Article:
I am a 22 year old female, both working and in college. I got a late start to college due to family and personal issues (through no fault of my own), so I still have 2 years left on a bachelor’s degree. For the school year of 2009-2010, I went away to a university and it sucked really bad, I became depressed, isolated, and unable to succeed in classes. Consequently I was invited, and encouraged to move back in with my mother and stepfather, and commute to a closer college for the remainder of my college education. I am currently doing pretty well in school and in life. However, my parents home is a very stressful place to live, because my stepfather (though he can be very nice and helpful) can make things difficult. He has had a bad year, including the death of his elderly mother, the removal of a cancerous growth, and a forced retirement from his job; and when he is stressed out he tends to project his emotions on me. Despite my attendance of college, steady employment in a semiskilled medical field, efforts to help out around the house and keep things tidy, I feel he acts inappropriately toward me. He frequently comments (just “jokes” he says) about me moving out, and suggests in one way or other that I am irresponsible, hard to deal with, a burden, and strain on his marriage. He has extremely stringent rules about what objects should go where, which seem to change constantly, and acts passive aggressively when these “rules” are broken. For example, I had put a pair of my shoes in the front hall closet (a place it seems shoes should go), and later found them placed neatly in my bed sheets. I asked him in a non-accusing tone if he had put them there, and he denied it up and down. I asked my mother as well, who I know well enough to believe when she said it was not her. There are dozens of similar situations that take place on a daily basis. In essence, I am constantly worried about the next thing I’m going to unknowingly do wrong, and what his reaction is going to be. We have had “family” discussions on the matter, and the final outcome is always: It’s his house, he makes the rules, end of story. I have been feeling an increasing disconnection with my mother due to this, and feel it is time to get out and live independently. One of the problems with this is that every time I discuss with them how I feel uncomfortable living here and am looking into moving out, they get really frantic and tel me that I am not capable of moving out, that I have to stay here, and that they really don’t want me to move out. Their actions do not match their words at all, and living here is causing more stress that living on my own with a tight budget.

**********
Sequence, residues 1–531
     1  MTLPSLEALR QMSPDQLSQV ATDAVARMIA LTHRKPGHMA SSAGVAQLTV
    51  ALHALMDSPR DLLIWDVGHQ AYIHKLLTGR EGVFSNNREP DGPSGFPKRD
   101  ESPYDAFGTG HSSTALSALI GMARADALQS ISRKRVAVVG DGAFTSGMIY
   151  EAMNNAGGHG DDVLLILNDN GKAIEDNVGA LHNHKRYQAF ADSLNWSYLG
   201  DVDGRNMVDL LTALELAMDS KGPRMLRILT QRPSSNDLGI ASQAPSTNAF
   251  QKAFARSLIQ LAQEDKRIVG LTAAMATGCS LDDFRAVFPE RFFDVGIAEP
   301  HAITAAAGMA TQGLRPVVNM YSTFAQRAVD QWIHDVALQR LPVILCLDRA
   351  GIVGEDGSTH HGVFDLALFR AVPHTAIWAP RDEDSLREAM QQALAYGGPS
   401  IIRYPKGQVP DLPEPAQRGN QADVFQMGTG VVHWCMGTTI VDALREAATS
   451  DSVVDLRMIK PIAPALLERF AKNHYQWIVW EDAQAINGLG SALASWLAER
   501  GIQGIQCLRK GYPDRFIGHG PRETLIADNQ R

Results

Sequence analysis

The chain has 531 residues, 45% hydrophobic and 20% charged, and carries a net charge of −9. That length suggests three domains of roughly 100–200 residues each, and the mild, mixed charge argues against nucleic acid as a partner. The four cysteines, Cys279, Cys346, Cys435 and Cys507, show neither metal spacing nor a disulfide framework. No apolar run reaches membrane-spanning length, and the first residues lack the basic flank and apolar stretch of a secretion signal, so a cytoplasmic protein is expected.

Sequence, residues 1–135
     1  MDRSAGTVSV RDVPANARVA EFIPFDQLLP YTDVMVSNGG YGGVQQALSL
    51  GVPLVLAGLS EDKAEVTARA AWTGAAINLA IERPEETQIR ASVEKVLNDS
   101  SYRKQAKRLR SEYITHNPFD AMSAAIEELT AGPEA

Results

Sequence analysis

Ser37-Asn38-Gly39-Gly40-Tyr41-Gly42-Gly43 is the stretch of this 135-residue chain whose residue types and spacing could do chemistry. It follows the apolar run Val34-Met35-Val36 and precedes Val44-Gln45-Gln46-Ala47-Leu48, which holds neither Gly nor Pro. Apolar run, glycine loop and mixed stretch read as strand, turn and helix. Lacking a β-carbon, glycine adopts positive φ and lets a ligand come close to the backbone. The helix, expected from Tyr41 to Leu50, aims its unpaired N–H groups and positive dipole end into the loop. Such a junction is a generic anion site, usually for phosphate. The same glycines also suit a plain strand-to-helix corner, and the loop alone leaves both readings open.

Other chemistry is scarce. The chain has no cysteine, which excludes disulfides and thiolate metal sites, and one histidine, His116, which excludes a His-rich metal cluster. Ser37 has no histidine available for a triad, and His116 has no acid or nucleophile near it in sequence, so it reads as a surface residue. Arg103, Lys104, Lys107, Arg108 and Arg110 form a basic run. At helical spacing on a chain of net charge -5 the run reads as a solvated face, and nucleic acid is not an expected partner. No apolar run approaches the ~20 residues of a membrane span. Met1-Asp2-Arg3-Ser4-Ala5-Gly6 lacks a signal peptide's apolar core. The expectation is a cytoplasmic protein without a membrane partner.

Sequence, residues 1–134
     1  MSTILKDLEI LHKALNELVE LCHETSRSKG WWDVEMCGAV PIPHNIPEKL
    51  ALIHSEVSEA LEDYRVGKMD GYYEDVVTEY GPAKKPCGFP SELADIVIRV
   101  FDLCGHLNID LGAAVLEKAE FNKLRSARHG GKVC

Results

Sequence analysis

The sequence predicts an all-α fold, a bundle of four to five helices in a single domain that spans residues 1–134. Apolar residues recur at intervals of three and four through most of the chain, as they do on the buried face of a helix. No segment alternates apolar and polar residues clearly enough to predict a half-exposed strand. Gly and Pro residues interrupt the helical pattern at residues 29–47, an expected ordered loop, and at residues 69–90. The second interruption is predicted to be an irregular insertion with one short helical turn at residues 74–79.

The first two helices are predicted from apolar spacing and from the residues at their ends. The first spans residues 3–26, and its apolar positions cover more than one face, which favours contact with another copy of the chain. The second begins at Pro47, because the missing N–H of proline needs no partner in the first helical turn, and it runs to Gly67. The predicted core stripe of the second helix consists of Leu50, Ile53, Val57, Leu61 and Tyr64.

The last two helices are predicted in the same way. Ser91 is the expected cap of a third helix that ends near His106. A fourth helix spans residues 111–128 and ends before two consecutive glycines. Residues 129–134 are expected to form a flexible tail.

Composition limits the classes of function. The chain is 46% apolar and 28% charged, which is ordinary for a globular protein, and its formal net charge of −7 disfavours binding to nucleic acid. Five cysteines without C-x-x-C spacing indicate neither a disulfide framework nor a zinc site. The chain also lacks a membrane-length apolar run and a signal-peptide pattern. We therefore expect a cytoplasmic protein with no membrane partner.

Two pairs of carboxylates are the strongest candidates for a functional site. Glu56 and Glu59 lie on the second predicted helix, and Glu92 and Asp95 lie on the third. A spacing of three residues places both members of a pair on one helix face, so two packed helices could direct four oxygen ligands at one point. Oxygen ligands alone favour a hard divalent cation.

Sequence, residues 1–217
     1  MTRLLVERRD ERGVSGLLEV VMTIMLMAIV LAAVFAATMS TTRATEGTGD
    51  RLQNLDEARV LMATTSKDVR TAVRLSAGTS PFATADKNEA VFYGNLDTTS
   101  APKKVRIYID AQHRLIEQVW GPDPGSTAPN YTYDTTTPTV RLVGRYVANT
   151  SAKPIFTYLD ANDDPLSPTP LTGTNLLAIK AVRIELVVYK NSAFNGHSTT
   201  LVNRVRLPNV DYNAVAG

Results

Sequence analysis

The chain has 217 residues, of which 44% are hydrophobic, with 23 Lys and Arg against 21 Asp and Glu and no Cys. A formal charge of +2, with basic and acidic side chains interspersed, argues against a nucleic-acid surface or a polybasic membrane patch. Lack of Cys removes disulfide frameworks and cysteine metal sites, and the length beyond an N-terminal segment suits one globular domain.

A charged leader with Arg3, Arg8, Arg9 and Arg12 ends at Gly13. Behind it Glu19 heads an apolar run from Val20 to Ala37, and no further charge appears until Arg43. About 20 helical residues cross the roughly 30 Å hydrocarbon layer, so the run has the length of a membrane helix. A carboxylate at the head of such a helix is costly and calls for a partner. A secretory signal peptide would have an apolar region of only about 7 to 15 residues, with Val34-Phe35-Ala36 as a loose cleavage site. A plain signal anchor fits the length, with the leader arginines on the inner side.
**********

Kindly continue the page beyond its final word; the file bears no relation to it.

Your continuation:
Here is the current Situation:
Since I have been unsuccessful at talking to them about moving out in the past, I have no idea how to approach them about this subject. I am currently signing a lease with a friend for an apartment a few miles away, still close to my work and school. I have bought and paid for my own car, so transportation is not a problem. We will be moving in in about 2 months. Before I tell them I am moving out I plan to have a full budget completed, so they will be aware that I am in fact responsible and able to afford it (though money will be tight). My student loan is in my own name, with my mother as the cosigner. She has offered to pay the 30$ a month interest for it, without my asking. I don’t have any fears that she will withdraw any and all financial help, she’s not that type of person. I generally don’t rely on them financially, anything they pay for me is of their own will.
How do I have a reasonable, adult discussion with them, when I haven’t been able to in the past?
Am I the one who is being irrational?
Any tips on moving out in general?
Has anyone had a similar situation, and have any advice what what to do/what not to do?
How do I proceed if they have an extremely negative reaction?
How do I keep my cool in this extremely irritating situation?
Feel free to ask questions if you feel I left something out, and to leave any comments or advice you have.
Serious answers would be greatly appreciated!

Thanks so much!

richmama answers: